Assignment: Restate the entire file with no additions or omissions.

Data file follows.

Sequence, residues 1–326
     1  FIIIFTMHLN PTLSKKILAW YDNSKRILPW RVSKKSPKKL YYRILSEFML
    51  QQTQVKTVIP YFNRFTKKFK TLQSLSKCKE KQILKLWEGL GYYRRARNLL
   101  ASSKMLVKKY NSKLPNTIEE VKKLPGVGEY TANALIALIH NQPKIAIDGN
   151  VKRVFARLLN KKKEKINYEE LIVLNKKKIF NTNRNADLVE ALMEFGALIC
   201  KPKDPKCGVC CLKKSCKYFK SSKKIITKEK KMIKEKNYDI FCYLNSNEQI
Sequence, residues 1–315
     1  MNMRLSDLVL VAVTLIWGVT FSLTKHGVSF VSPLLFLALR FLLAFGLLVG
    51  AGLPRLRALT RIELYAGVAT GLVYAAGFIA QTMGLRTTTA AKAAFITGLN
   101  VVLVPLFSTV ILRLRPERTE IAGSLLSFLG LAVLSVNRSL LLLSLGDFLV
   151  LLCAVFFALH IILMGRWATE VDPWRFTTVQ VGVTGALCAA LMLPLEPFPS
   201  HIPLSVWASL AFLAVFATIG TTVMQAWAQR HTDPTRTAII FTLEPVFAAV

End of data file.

Sequence, residues 1–326
     1  FIIIFTMHLN PTLSKKILAW YDNSKRILPW RVSKKSPKKL YYRILSEFML
    51  QQTQVKTVIP YFNRFTKKFK TLQSLSKCKE KQILKLWEGL GYYRRARNLL
   101  ASSKMLVKKY NSKLPNTIEE VKKLPGVGEY TANALIALIH NQPKIAIDGN
   151  VKRVFARLLN KKKEKINYEE LIVLNKKKIF NTNRNADLVE ALMEFGALIC
   201  KPKDPKCGVC CLKKSCKYFK SSKKIITKEK KMIKEKNYDI FCYLNSNEQI
Sequence, residues 1–315
     1  MNMRLSDLVL VAVTLIWGVT FSLTKHGVSF VSPLLFLALR FLLAFGLLVG
    51  AGLPRLRALT RIELYAGVAT GLVYAAGFIA QTMGLRTTTA AKAAFITGLN
   101  VVLVPLFSTV ILRLRPERTE IAGSLLSFLG LAVLSVNRSL LLLSLGDFLV
   151  LLCAVFFALH IILMGRWATE VDPWRFTTVQ VGVTGALCAA LMLPLEPFPS
   201  HIPLSVWASL AFLAVFATIG TTVMQAWAQR HTDPTRTAII FTLEPVFAAV